Malloy noticed something in those batting practice sessions that he sees now as a head coach of a Minor League Baseball team, the Clearwater Threshers.

“I remember throwing BP to him when he was younger and it was a different sound off the bat,” Malloy said.  “I see that every day in the (Single-A) ball as a manager. You know when there’s a different sound, you can hear that sound and he had that.”

But to earn the loud crack from the bat? Malloy said he saw him work for it.

“The biggest thing for me would be for people to understand all the work that this kid has put in and he’s earned everything he’s gotten up to this point and moving forward,” Malloy said.

A local talent, Langford grew up on the outskirts of Trenton, a city of 2,000 people in Gilchrist County that’s roughly 30 miles west of Gainesville.

Wyatt earned the nickname “Evel Knievel” for being a daredevil when he was younger, said his mother, Maria. She described a time when he played through an injury to the point where it had already healed before the doctors found it.

“He was 10 years old. He was playing basketball and went after a loose ball and fractured his right wrist. We took him to the emergency room, and they found that he had a healing fracture on his left wrist. He never complained about it, and it was like three weeks old,” his mother said.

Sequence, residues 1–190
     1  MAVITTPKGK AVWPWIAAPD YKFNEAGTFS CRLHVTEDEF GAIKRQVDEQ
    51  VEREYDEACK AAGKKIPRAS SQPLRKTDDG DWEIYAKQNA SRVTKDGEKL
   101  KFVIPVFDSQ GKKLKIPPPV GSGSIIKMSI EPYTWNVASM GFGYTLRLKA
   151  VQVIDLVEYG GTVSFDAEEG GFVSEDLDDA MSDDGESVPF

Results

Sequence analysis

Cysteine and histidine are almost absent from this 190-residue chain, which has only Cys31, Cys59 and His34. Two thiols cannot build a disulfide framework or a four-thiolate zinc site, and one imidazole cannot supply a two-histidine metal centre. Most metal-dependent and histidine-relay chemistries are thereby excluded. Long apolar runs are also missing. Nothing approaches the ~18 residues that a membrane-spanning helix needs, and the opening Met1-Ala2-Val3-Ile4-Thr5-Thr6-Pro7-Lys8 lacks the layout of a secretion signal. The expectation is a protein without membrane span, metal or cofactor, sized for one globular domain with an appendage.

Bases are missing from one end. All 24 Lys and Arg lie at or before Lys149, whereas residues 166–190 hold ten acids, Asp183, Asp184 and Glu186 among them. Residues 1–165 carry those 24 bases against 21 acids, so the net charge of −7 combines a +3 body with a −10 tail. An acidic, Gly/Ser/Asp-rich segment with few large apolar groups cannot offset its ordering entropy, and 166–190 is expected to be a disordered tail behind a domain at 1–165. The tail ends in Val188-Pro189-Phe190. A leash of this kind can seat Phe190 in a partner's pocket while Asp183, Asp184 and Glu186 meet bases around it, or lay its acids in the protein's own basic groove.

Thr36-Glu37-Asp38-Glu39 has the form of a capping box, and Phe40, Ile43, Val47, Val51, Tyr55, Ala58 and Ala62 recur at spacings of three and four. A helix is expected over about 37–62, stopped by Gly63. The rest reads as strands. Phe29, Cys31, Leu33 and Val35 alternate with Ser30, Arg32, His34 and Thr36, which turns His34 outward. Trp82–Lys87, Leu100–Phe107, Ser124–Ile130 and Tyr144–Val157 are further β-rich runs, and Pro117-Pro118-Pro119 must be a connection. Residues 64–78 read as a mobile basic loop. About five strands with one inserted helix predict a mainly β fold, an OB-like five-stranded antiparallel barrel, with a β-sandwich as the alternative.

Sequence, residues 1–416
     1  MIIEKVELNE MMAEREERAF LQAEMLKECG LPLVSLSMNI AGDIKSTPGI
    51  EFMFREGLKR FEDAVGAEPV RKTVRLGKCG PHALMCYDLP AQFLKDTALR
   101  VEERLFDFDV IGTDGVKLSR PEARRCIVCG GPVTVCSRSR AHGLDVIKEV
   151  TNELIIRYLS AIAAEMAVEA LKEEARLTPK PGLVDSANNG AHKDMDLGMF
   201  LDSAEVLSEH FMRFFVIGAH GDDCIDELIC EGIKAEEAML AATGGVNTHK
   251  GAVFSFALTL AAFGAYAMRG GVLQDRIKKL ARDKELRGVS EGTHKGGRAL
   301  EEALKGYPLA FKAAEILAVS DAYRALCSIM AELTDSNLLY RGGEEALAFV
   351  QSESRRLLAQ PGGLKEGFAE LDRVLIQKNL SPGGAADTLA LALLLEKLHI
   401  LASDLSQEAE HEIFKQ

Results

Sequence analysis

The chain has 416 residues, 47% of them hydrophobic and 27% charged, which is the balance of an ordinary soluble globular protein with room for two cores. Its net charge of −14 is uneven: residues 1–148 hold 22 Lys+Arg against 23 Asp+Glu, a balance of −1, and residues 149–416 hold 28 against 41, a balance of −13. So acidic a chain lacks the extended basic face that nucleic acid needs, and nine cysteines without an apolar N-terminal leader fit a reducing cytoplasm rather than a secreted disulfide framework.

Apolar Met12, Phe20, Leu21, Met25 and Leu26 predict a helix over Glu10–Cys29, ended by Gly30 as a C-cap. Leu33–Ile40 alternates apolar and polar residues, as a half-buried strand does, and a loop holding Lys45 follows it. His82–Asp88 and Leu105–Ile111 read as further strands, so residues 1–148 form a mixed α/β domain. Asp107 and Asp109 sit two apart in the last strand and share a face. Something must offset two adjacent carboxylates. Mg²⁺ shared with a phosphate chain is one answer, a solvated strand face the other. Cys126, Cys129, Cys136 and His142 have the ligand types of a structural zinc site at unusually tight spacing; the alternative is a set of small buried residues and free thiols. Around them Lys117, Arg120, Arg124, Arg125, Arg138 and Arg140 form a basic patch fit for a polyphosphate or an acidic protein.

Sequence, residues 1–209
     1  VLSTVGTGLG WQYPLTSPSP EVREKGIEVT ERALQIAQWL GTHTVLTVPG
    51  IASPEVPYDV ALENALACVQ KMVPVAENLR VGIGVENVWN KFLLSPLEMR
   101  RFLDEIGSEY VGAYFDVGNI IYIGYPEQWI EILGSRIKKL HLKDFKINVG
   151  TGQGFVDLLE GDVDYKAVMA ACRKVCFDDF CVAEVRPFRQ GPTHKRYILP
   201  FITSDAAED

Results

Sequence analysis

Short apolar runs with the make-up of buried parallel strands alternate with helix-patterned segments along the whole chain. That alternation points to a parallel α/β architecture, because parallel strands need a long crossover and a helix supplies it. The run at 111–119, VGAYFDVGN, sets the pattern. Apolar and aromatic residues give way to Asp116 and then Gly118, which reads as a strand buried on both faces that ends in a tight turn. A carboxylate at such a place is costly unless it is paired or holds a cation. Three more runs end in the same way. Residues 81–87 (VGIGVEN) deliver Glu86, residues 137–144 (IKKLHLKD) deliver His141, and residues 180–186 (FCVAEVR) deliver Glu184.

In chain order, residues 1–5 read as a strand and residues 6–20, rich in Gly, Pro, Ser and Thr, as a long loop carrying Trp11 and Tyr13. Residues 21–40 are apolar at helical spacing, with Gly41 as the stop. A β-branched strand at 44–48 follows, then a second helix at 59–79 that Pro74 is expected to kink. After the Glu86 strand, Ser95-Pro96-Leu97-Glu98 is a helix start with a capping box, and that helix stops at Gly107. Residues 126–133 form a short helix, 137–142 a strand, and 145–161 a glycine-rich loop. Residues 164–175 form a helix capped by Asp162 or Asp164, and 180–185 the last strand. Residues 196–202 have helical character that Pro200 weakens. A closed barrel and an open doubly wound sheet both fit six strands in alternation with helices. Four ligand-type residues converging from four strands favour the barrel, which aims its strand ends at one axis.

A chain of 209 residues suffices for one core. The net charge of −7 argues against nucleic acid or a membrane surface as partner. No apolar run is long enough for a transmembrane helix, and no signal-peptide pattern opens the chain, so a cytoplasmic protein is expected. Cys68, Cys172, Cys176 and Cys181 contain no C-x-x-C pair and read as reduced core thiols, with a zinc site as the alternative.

Langford was always a fan of the Gators growing up. The team played close to his home, and he regularly attended UF sporting events. When the school made him a scholarship offer, he committed instantly.

“My first and only offer was from Florida. It was my sophomore year. I committed right away,” Langford said. “My whole goal was to just play baseball at the University of Florida. So, it was a dream come true.”

Shortly after getting the offer, he called his mom to talk everything over.

“He called to ask me if I thought it was a good idea,” she said. “My heart was full because his dream was going to come true.”

His head coach at Trenton High School at the time, Scott Hall, was not surprised he got an offer from a top college program. Hall said he knew Langford as teenager was a rare talent. His poise extended off the diamond, where Hall saw an intelligent kid who showed the utmost respect to his peers.